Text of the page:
Patients with Wilson disease (WD) stayed in the hospital longer, according to a new study published in the journal Cureus. They had higher mean hospitalization costs and mortality rates compared to patients admitted to the hospital for other reasons. Their mortality rates and length of hospital stay were significantly lower if they had had an orthotopic liver transplantation.
There is little information about the outcomes and cost burden of WD. In the present study, a team of researchers from Rutgers Robert Wood Johnson Medical School in New Brunswick, New Jersey, led by Vinod Rustgi, MD, assessed outcomes, mortality rates, and costs associated with WD in the US. The team used data from the National Inpatient Sample database from 2007 to 2017.
Read more about the complications of WD
During this time, there were 17,713 patients with a diagnosis of WD in the database. The majority of these were female.
The prevalence of Kayser-Fleischer rings, neuropsychiatric symptoms, and liver-related complications, such as acute hepatitis, liver failure, portal hypertension, and cirrhosis, was higher in these patients compared to other patients. They also had a higher proportion of peptic ulcer disease, connective tissue disease, and hemolytic anemia than other patients.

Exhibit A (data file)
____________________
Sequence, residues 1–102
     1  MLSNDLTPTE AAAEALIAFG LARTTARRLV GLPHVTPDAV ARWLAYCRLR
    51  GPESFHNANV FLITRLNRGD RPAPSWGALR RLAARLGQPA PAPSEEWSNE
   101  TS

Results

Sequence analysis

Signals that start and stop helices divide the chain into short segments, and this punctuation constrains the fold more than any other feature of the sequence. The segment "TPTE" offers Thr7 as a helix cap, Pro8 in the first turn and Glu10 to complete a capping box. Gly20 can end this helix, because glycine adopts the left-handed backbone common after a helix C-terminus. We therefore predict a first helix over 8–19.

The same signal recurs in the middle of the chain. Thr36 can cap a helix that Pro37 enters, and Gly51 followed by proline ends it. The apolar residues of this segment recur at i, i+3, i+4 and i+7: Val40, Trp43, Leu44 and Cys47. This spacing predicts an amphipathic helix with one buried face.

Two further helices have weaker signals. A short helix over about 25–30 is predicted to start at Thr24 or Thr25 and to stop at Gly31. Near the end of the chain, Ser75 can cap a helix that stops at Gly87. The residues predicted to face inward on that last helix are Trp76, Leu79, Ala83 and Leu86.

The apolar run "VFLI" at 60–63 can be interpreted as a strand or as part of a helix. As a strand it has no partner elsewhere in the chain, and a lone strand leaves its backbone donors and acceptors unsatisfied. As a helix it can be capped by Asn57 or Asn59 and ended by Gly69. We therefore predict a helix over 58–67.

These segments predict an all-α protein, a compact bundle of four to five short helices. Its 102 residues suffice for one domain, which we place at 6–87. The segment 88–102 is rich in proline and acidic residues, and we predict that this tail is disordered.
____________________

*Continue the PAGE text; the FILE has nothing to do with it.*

Moreover, their mortality rate, length of hospital stay, and hospitalization costs were also higher than patients without WD.
When they analyzed patients with WD more closely, the researchers found that a higher proportion of patients with WD who had undergone orthotopic liver transplantation were between 18 and 44 years of age, while the highest proportion of patients who had not undergone orthotopic liver transplantation was between ages 55 and 89 years of age.
Those who had undergone orthotopic liver transplantation had fewer comorbidities, a decreased mortality rate, and shorter hospital stays than those who had not.
“Liver transplantation offers a promising solution,” the researchers concluded, “Our findings highlight the importance of effective interventions to prevent potential complications and reduce the burden of WD on patient outcomes, healthcare utilization, and costs.”
Patel AH, Ghattu M, Mazzaferro N, et al. Demographics and outcomes related to Wilson’s disease patients: a nationwide inpatient cohort study. Cureus. Published online September 5, 2023. doi:10.7759/cureus.44714